Once the CLI is finished creating the project, it tells you that to get started you should navigate into the new project and run this command:

// ♥ > npm run serve

When you run the command and open the app at the location it tells you (probably http://localhost:8080/), you can see a webpage with the Vue logo and some links to resources about Vue. Going back to the project, you can see the way the files and folders are set up. Most of the work you will be doing is in the src folder. The structure in the src folder after you’ve just run the vue-cli command will look like this:

v src
> assets
> components
- App.vue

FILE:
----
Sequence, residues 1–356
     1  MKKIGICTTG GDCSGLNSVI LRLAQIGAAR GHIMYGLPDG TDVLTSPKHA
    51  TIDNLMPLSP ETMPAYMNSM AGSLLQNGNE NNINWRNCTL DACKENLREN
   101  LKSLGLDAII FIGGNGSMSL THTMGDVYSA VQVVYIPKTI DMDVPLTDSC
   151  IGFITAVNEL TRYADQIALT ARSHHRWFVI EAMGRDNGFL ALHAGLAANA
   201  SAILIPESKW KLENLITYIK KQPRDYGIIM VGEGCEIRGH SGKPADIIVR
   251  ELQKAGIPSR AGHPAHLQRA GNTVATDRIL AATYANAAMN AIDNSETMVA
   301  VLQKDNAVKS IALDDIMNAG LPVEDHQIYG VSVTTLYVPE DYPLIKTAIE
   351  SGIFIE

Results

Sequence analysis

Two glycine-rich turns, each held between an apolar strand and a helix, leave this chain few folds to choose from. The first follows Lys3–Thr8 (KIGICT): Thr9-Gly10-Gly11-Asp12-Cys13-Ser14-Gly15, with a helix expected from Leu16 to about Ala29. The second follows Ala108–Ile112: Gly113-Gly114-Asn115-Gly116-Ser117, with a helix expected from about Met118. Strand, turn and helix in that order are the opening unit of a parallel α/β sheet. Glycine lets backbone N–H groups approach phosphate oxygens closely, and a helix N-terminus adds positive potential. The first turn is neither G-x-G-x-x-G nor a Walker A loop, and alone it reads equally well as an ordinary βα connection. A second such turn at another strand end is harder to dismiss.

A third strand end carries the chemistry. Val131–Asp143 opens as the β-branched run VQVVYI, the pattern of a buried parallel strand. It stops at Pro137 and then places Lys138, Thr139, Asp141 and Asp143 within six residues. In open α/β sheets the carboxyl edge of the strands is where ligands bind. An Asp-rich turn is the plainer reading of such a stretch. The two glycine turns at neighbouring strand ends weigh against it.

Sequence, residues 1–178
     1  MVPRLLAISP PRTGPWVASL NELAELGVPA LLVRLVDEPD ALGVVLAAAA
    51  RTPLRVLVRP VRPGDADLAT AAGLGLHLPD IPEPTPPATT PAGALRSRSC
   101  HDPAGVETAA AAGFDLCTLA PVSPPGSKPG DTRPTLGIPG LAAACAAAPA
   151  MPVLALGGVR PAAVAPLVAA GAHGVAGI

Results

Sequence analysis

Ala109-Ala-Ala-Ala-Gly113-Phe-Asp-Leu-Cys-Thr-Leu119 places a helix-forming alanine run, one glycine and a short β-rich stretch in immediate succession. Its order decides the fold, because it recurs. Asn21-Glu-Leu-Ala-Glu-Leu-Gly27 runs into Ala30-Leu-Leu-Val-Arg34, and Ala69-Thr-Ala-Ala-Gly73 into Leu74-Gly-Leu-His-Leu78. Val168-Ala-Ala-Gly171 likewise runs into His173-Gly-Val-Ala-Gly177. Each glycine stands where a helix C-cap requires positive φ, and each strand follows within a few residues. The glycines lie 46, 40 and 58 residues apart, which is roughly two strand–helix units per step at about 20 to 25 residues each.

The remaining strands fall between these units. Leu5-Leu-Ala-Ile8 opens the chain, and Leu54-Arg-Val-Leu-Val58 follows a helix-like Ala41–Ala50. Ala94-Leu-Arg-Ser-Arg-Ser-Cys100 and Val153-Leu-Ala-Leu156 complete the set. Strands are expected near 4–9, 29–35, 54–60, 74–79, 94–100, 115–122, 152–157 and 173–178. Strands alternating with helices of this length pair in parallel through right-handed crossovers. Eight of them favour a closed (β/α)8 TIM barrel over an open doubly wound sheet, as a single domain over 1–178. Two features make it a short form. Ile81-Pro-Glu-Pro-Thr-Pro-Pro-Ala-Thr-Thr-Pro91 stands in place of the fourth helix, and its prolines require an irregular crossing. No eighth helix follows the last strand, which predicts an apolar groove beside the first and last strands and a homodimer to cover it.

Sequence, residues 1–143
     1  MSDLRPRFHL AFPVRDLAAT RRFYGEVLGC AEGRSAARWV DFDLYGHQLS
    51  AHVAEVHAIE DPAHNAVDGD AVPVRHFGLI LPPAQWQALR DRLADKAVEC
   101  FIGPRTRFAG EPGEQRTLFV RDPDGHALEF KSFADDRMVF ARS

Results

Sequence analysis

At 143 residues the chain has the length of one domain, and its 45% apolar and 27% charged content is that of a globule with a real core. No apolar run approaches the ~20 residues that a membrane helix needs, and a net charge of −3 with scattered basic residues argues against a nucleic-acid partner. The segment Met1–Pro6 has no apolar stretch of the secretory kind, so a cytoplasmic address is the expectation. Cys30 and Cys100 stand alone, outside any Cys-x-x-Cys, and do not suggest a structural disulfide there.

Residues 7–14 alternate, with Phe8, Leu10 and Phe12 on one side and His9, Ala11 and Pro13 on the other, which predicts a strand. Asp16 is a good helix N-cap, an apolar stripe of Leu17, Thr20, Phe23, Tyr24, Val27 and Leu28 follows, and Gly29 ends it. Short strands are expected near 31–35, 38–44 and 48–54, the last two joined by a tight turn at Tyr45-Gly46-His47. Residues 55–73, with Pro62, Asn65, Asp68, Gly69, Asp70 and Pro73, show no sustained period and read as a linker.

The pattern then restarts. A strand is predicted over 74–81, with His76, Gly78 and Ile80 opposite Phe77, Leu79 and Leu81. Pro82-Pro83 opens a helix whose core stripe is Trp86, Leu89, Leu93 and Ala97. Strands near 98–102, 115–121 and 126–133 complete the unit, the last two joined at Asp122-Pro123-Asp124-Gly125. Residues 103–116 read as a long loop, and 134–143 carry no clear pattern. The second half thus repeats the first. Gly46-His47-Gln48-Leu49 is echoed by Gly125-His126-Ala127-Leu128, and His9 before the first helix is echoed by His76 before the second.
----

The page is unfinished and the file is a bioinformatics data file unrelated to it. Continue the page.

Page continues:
- main.js

We can see from here that there is a new type of file, with the .vue extension. These are called single-file components, and they basically act as Vue components defined by a file. Their format looks roughly like this:

<template>
<!-- the html template for your component -->
</template>
<script>
// the JavaScript, like the data or props with a name
</script>
<style>
/* the css styling for the component */
</style>

With these single-file components, you get a few useful things. One is that the syntax highlighting is better than the highlighting you get when you use Vue.component. The file knows that it should treat the template like HTML for highlighting, the script like JavaScript, and the style like CSS. Another useful thing is that everything you need for each component is in one file, both the HTML and CSS, and the JavaScript. This way you know exactly where to write anything related to each component, and you know exactly where to look if you want to find anything related to the component.